Category Archives: Gardener

‘Tis the season for therapy

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Coldframe in the winter rain, rows of tiny lettuces growing

Truth be told, I’m doing much much better with my mental health compared to how I usually feel this time of year.  And maybe that’s why I’ve started going to therapy: Yeah, I’m feeling shitty, but still have enough energy to try to get help.

I’ve gotten counselling in moments of crisis in the past, but this is the first time I’ve sought out some serious head shrinking as part of a general self-care regimen.  Which is scary.  When in crisis, it’s pretty easy for me to go into someone’s office and just wail about whatever specific trauma has me all fucked up.

But going in there when I’m holding it all together?  Tricky, tricky, tricky.

I found my therapist the usual way: Asked a lot of friends.  Fuck, I love the West Coast!  OF COURSE, everyone has several recommendations, because we heart therapy, hardcore.

I chose mine based on the fact that she’s a pagan, and also because she specifically made mention of respecting “all genders” several times throughout her website, which was a relief from the usual “we welcome clients of different sexualities” or whatever, that I read on other websites.  Just a little nod to those of us who don’t subscribe to the gender binary, but enough to make me feel like I could do this.

And I am, I am doing this:  I’ve only had two sessions, and I won’t pretend that it’s radically changed my life, but it’s… Nice.

Insipid, I know, but I’m not feeling terribly eloquent.

Okay, here’s one thing I will tell you about, that came from therapy:  I realized that I’m not that worried about my stepmom, despite her health scare… I mean, she’s getting the best healthcare in the country, and she’s youngish, and they caught the polyp early.  Selfish person that I am, what’s really stressing me about the whole situation is what it’s bringing up about my place in our family.

Of course I want to go visit during the couple months that my stepmom will be recuperating, but then I really don’t, because I don’t want to set a precedent.  I don’t want them to rely on me, to be that sort of daughter who’ll fly in at a moment’s notice and take care of them. Because this is only the beginning, the start of my four parents’ decline in health… And I love them so much, but I also love my life here on the other side of the country.  If I go, it’s giving fuel to the idea that that’s where I belong, that I’m supposed to spend my life with this family-of-origin as opposed to my family-of-choice. (An idea, I might add, that is most vocally supported by my father and my older sister, and more quietly by others in Ontario.)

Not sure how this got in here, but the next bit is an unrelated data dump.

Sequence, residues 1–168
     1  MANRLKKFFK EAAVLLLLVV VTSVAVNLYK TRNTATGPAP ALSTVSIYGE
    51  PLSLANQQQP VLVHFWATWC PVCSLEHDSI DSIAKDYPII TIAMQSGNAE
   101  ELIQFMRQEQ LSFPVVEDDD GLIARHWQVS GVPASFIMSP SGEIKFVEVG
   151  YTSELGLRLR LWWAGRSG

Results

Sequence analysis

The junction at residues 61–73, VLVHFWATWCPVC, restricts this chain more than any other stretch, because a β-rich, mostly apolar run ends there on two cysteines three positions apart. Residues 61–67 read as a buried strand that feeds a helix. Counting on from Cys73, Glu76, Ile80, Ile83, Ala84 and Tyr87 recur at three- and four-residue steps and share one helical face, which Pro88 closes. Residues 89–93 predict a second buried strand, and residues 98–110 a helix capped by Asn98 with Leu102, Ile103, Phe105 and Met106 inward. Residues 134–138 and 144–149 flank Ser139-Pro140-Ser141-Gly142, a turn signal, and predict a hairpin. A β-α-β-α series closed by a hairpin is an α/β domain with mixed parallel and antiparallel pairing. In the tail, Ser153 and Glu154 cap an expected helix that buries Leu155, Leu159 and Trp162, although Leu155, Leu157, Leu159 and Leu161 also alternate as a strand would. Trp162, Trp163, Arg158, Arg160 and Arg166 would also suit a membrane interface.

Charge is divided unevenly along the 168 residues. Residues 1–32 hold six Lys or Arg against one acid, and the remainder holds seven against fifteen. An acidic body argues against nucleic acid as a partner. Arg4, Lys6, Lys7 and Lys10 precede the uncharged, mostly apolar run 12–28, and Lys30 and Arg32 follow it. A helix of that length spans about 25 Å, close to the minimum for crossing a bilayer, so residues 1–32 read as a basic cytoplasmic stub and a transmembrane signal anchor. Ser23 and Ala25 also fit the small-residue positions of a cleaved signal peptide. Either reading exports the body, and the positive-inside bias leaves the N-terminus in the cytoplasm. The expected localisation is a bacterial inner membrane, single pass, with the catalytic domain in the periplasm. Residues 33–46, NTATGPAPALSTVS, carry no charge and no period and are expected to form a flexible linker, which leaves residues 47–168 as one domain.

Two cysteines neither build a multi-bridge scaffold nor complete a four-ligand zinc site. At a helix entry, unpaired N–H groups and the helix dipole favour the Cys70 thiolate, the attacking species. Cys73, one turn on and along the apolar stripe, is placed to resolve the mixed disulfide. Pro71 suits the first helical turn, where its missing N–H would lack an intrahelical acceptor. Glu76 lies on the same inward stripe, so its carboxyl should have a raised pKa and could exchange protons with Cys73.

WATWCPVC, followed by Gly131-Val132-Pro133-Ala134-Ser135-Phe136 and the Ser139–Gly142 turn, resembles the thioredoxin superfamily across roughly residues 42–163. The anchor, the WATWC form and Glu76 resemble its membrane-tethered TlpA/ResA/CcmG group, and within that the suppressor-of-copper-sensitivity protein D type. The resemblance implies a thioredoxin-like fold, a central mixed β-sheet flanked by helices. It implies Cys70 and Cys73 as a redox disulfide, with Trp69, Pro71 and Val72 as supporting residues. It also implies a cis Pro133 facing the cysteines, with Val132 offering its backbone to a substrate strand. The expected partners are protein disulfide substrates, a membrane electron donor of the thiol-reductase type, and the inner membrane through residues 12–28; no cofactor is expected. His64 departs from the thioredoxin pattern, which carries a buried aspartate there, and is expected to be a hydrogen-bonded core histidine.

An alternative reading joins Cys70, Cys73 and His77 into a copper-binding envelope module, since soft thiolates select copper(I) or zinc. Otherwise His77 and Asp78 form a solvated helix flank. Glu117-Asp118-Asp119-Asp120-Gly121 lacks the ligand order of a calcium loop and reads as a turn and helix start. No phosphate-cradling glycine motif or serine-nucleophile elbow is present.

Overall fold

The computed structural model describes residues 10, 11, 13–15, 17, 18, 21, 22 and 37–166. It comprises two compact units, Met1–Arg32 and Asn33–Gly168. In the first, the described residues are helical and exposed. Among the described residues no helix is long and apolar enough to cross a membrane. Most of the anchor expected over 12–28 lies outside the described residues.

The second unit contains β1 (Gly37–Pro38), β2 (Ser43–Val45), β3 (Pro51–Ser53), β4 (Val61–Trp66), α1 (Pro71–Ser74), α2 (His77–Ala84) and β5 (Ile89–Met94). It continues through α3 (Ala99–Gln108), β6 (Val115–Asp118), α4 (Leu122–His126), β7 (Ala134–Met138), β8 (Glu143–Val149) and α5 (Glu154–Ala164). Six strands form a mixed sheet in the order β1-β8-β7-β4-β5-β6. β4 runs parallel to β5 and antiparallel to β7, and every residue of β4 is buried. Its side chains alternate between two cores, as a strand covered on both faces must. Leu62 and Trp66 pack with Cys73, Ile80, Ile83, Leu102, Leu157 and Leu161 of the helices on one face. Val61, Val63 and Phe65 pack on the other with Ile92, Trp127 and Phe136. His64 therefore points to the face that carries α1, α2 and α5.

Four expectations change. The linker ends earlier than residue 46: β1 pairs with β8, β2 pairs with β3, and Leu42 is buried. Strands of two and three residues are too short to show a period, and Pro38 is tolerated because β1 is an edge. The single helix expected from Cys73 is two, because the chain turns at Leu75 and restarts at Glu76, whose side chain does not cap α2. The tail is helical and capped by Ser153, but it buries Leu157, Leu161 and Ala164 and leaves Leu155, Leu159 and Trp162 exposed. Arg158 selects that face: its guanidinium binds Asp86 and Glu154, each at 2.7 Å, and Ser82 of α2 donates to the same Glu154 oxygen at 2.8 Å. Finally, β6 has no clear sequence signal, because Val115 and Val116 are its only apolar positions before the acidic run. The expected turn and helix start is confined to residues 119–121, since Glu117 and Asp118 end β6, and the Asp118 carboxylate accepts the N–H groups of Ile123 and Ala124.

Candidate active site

Le sigh.

How has therapy changed my experience of this revelation?  Well, in the past I’d get really anxious about such things, so full of angst that I’d get insomnia, fretting over my choices late into the night.  Instead, I just feel sad.  There’s a lot of grief in my heart, grief for the things my family and I haven’t shared since I moved away over ten years ago.

And yet I’m so damn confident that I’m where I need to be, that I spent those ten years doing what I needed to do, that I can’t really get all ramped up and stressed about it.  Instead, I kinda just want to cry.  Which is actually a huge improvement, because crying is something I can do, and afterwards I feel better.

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View inside the coldframe: Tiny little lettuces, so far surviving the nightly frosts

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Self-sufficient in greens! (I hope).

Earlier this week, I had an unexpected (and unpaid) day off, and I immediately threw myself into garden tasks.  You’d think I’d have relaxed and found a friend to hang out with or treated myself to a cafe visit or something else more frivilous, yet none of that appealed to me.  I just really wanted to get shit done, and lose myself in something satisfying, something useful, something for me.

It was midafternoon before I realized that I was wretchedly hungry, not to mention even more sweaty and tired than if I’d been at work.  But the garlic was all planted, rotting seaweed was layered into the beds that’ll lay fallow until spring, the bamboo stakes were all pulled up and tidied into a corner, most of the seeds were harvested, peas and chard and beet starts were finally in the ground proper instead of their tiny pots, a lot of the beds got mulched with straw, and all the over-wintering veggies were given a bit of attention. I even found an old window that fits neatly over the raised bed (actually a bookcase laying on its back), and planted some lettuce seeds inside this impromptu cold frame.  Who knows if or when they’ll sprout, but it’s my own mix of seeds from last year’s crop and I have tons of it, so figured I might as well.

My only goal with creating this garden this year, aside from keeping myself entertained, was to get our house self-sufficient in greens.  We all like brassicas and chenopods and their ilk, and could easily eat them every day, so it seemed like a good plan.  Also, this climate:  Rumour has it that kale and chard will become weeds if you let them, and I’m keen to test this theory.

Considering that I totally ditched the entire care and maintenance of the garden when I got a job (and to be honest was very negligent of it even before then), I’m surprised to find that it’s worked out.  There’s enough cabbage and kohlrabi  heads for a few dinners in the sooner-rather-than-later category, the broccoli and karam and chard are excellent, and even all the kale that got hit with both a blight and grey aphids seems to be doing great now.